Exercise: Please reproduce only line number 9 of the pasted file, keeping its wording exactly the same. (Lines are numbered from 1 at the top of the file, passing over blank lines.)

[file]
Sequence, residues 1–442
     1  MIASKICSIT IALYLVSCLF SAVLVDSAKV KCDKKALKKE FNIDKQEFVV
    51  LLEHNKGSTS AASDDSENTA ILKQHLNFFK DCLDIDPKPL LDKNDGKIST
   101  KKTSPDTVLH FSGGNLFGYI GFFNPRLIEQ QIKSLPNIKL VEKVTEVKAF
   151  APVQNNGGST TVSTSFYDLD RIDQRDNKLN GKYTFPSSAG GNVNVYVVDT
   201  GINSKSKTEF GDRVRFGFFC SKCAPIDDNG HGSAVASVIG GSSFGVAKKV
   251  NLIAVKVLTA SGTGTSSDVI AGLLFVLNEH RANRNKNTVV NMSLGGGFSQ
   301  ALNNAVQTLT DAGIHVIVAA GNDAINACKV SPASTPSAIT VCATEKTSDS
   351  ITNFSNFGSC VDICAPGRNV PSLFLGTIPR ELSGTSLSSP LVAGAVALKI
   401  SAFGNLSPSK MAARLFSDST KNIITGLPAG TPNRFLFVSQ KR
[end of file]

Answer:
   351  ITNFSNFGSC VDICAPGRNV PSLFLGTIPR ELSGTSLSSP LVAGAVALKI